August 30, 2012

Army's offense seeking to add passing game threat

Army can move the ball prodigiously without throwing it. We know this from the Black Knights standing atop the national rushing chart last season with 346.5 yards a game.


But Army also wants to contend for the Commander-in-Chief's trophy, bowl bids and Top 25 rankings. For that kind of success, the Black Knights need to at least add the threat of the pass, even their triple-option offense.


"We're never going to be balanced by other people's definition, but the idea is we're going to punish you for being unbalanced," said Army head coach Rich Ellerson, referring opponents overplaying the run. "We can be unbalanced, but if you get unbalanced we can punish you."


Army wasn't able to exploit passing opportunities last year and only managed five touchdown tosses. The longest gain through the air didn't even cover half the field -- 45 yards.
















We're never going to be balanced by other people's definition, but the idea is we're going to punish you for being unbalanced.










- Army head coach Rich Ellerson











The Black Knights were last in the nation throwing the ball, placing 120th out of 120 schools in the Football Bowl Subdivision. They gained only 605 yards and completed only 39 percent -- 37 of 98 passes with four interceptions).


Finishing last, though, doesn't necessarily raise a red flag for a team running the triple-option. Navy and Air Force, who also run the triple-option, placing 119th and 113th, respectively. However, Navy and Air Force threw for significantly more yards and touchdowns despite their low rankings. Air Force totaled 1,821 yards and 16 touchdowns and Navy 1,029 yards with 10 TDs.


Army is addressing its lack of a passing game by shifting senior Malcolm Brown from the depth-laden offensive backfield to wide receiver. Brown, a 5-foot-11, 181 pounder, has been injury prone carrying the ball, so that's one reason to move him to receiver. But another is he has proven himself to be the Black Knights' best receiving running back.


"He gives us another dimension," Ellerson said.


Ellerson says Brown knows what to do with the ball after the catch. He tied for second on the team with seven receptions, was second in yards with 163 and he was the only player with two touchdown catches. His 45-yard gain was Army's longest pass play of the season was a catch-and-run by Brown.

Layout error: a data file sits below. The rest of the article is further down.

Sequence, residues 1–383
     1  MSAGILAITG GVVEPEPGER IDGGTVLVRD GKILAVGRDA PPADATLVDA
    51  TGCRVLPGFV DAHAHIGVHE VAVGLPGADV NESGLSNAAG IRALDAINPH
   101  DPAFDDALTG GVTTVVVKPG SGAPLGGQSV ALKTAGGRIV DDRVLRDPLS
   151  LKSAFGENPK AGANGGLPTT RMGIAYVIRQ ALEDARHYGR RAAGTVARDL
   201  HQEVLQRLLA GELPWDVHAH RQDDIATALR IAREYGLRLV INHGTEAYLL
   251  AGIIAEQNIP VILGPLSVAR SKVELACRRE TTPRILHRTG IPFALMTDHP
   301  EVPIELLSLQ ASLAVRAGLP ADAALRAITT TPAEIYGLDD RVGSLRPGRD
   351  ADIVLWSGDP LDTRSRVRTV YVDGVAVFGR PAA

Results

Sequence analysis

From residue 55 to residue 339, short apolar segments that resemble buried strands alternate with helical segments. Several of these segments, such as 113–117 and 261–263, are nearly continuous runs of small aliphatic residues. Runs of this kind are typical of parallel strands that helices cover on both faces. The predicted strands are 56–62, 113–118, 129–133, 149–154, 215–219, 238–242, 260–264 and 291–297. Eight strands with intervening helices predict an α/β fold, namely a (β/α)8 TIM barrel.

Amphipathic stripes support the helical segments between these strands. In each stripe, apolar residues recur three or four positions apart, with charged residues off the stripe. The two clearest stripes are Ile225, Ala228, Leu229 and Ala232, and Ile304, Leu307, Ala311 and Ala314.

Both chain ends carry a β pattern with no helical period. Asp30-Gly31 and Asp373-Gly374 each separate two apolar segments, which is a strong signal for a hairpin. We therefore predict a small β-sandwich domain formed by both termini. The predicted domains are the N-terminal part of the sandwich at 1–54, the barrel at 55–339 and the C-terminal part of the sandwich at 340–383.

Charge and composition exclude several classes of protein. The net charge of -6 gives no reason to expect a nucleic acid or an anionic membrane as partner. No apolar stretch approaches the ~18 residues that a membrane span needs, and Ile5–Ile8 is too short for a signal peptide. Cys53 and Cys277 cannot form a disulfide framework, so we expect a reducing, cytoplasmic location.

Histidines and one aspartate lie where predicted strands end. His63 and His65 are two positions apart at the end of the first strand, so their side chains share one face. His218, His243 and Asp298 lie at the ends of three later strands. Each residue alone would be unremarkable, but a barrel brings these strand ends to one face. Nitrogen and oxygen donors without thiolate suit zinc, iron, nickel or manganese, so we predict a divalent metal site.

Brown tweaked his hamstring the second week of fall camp and has been sidelined, but he is expected to be full strength when he resumes practice on Monday in preparation for the season opener Sept. 8th at San Diego State.


Patrick Laird, a 6-foot-3, 219 pound junior, is expected to start opposite Brown. He only caught one ball for 14 yards last year, but Ellerson says he's playing his role in fall camp.


"He's had a good camp," he said. "He's a big strong target as well as a good blocker."


Army feels confident shifting Brown outside since the Black Knights have two promising sophomore backups replacing him on the depth chart at A-back, Terry Baggett (6-foot-1, 200) and Trenton Turrentine (5-foot-9, 206).


Baggett played in three games as a freshman before a toe injury ended his season. He carried 10 times for 53 yards (5.3 yards per carry average) with one touchdown and a long run of 25 yards. Turrentine also played in three games with 21 attempts for 98 yards (4.7 average) and four touchdowns and a long of 22.


"Terry Baggett has come back from the broken toe and had a great training camp," Ellerson said.


Ellerson also is confident Turrentine can contribute when he's healthy, but with his hand wrapped in a cast he can't handle the ball right now.


"He's in good shape and we'll have him shortly," he said. "The question is when he'll have the ability to catch since our running backs have to be able to catch the pitch; that's hard to do with a cast on."


Army's other questions to answer on developing a passing threat are up front. The Black Knights broke spring drills planning to line up three returning starters with sophomore center Ryan Powis sandwiched between senior guards Frank Allen and Matt Villanti.


However, Allen (6-foot-4, 261) may be the lone returning starter for the opener. Powis (6-0, 248), a Rimington Award candidate as the nation's top center, has been sidelined in camp with an injured non-snapping left hand. Villanti didn't return to school for what are believed to be academic reasons.


Senior Will Wilson (6-foot-2, 290), projected to start at right tackle, may have to move back to center, where he started three games last year before Powis won the job with his eight starts. Wilson's backup is junior Michael Kime (6-foot-2, 243).


Ellerson said sophomore Stephen Shumaker (6-foot-0, 264) has moved into Villanti's role.


"Shumaker has had a good training camp," Ellerson said. "We're not surprised by that, but he didn't play much last year. He had an OK spring, but he's had a really good training camp."


At left tackle, senior Ben Jebb (6-foot-5, 243) emerged from spring drills as No. 1 He was sidelined in fall camp, but he resumed limited contact in Tuesday's practice.


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